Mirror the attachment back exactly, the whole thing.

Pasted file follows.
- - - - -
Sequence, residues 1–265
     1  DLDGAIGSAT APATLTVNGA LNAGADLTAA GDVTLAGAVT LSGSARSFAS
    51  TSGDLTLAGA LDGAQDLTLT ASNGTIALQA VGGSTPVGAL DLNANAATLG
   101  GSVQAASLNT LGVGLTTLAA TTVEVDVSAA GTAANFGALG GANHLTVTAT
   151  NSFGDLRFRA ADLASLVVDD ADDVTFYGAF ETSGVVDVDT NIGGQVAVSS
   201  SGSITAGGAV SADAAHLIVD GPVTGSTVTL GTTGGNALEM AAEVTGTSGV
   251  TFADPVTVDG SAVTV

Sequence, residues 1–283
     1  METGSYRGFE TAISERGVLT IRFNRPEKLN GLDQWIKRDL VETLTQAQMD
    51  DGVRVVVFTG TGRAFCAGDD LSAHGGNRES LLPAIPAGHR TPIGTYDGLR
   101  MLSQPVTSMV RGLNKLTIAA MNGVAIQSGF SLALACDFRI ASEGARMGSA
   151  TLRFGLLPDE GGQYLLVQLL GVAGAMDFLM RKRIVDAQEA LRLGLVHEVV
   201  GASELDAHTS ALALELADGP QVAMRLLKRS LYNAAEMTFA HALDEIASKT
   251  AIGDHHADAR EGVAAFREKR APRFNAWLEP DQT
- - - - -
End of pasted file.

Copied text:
Sequence, residues 1–265
     1  DLDGAIGSAT APATLTVNGA LNAGADLTAA GDVTLAGAVT LSGSARSFAS
    51  TSGDLTLAGA LDGAQDLTLT ASNGTIALQA VGGSTPVGAL DLNANAATLG
   101  GSVQAASLNT LGVGLTTLAA TTVEVDVSAA GTAANFGALG GANHLTVTAT
   151  NSFGDLRFRA ADLASLVVDD ADDVTFYGAF ETSGVVDVDT NIGGQVAVSS
   201  SGSITAGGAV SADAAHLIVD GPVTGSTVTL GTTGGNALEM AAEVTGTSGV
   251  TFADPVTVDG SAVTV

Sequence, residues 1–283
     1  METGSYRGFE TAISERGVLT IRFNRPEKLN GLDQWIKRDL VETLTQAQMD
    51  DGVRVVVFTG TGRAFCAGDD LSAHGGNRES LLPAIPAGHR TPIGTYDGLR
   101  MLSQPVTSMV RGLNKLTIAA MNGVAIQSGF SLALACDFRI ASEGARMGSA
   151  TLRFGLLPDE GGQYLLVQLL GVAGAMDFLM RKRIVDAQEA LRLGLVHEVV
   201  GASELDAHTS ALALELADGP QVAMRLLKRS LYNAAEMTFA HALDEIASKT
   251  AIGDHHADAR EGVAAFREKR APRFNAWLEP DQT